systems.

Software Configuration Management

lMany different ECAD and MCAD tools are currently used by OEMs and by their supply chains. Keeping different
versions of software in sync and maintaining interfaces is not cost effective.

lCompanies are realizing embedded software is an area of competitive differentiation and are investigating on
improving and streamlining their software processes .There are no commercially available systems for keeping
the software version synchronized with the mechanical and electrical product data.

Difficulty in reducing cost

lSince the PLM solutions for mechatronic product development are still in the evolving stage, many of the
manufacturers are patching together homegrown systems that are expensive to develop and maintain.

lDue to the growing number of product variants and increasingly short lifecycles, costs for developing physical
prototypes in iterations have become increasingly prohibitive.

Requirement of flexible integration techniques

lInterfacing with an incumbent PDM system requires more flexible application interfaces and data standards.

lProduct design with integrated system simulation is yet another challenge.

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PLM for Mechatronic Products

Supplier Management

lDue to the increased electronic content, traditionally mechanical companies are sourcing the development of
PCBs globally. Managing the supply chain and tying to as-shipped product structure is a growing challenge.

lIPRs are increasingly moving to suppliers, rather than OEMs, as the product behavior is moving to software.
IP security related threats have to be taken care.

Compliance Management

lCompliance to RoHS and WEEE regulations require tracking of the material specifications right from the design
stage. The related processes are still maturing in this area.

PLM Solution for Mechatronics


The futuristic PLM ecosystem for mechatronic development must have the following essential features:

ECAD/MCAD data exchange: It should adopt STEP AP210 and STEP AP212 [1]. STEP is the acronym for Standard for
the Exchange of Product Model Data. STEP-AP210 (ISO 10303- 210:2001E) is a part of STEP on Electronic Assembly
Interconnect and Packaging Design. STEP AP212 is for electro technical design and installation which enables
electro technical exchange in a robust exchange format.

Currently, Intermediate Data Format (IDF) standard is typically used to communicate between MCAD and ECAD.
Most MCAD application vendors do not support the IDF file format directly, but rely on third-parties. By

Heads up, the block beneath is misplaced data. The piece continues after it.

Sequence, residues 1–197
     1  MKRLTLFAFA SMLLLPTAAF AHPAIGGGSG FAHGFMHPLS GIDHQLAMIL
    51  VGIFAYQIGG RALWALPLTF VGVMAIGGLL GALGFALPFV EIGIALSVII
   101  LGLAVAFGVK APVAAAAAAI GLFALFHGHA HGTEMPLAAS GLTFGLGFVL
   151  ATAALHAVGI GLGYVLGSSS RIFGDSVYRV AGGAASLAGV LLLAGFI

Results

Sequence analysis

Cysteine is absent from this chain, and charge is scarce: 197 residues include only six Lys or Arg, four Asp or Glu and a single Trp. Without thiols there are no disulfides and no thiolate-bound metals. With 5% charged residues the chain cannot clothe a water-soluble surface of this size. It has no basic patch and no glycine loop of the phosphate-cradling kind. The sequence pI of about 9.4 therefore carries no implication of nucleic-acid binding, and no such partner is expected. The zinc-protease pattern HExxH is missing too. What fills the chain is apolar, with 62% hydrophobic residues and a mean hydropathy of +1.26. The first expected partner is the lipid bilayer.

implementing the STEP data model with a PDM system using XML schemas, the integration between ECAD and
MCAD applications will be simplified. An MCAD and ECAD authoring tool will place design elements into the data
model, and this information will be used by both the originating authoring tool for data management, and also other
authoring tools for design validation and collaboration.

PLM data integration: To improve new product introduction through integration of mechanical, electrical, and
software domains, the product data management (PDM) data model must support STEP standards for electrical and
mechanical data, and must support an XML-based standard for robust interchange of data between applications.
The core PDM mechatronic requirement is to provide a data model functional enough to represent fine grain level of
functional requirement details and physical aspects of the electromechanical products and relationships between
these representations. This include electrical and software domains in addition to mechanical.

Essential PLM solution components

In designing mechatronic products, manufacturers adopt a system decomposition approach to define the product.
Top-level product systems are divided into subsystems that are further divided into components.

The natural place to bring all of these islands together is the enterprise PLM that maintains not only product Bill of
Materials (BOMs), but also the relationships among the components that make up the mechatronic subsystems. In
addition, an enterprise PLM already deals with the sophisticated concepts of effectivity, versioning, and
configuration that are not completely dealt with by the isolated systems in an integrated way.

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PLM for Mechatronic Products

The enterprise PLM should essentially have the following components as mentioned in Figure 3.

Requirement Management: The typical mechatronic development process starts with customer requirements for
a mechatronic subsystem that eventually flows down into a detailed set of constraining parameters to be met. In the
process of flowing down the requirements, designers will allocate requirements to functions to be performed by the
system, which in turn is partitioned and allocated to physical elements (mechanical, electrical, and software
components) that perform the functions. The result is a set of requirements that flow down to each element that
performs the task and act as input specifications for each component.

Document Management: The system should have the complete document repository with traceability right from
idea generation for the product throughout the lifecycle of the product. It should have electronic signatures and full
text search which will enable searching the contents of documents.

Supplier Management: Suppliers should be able to access through a secured network. Lightweight and secure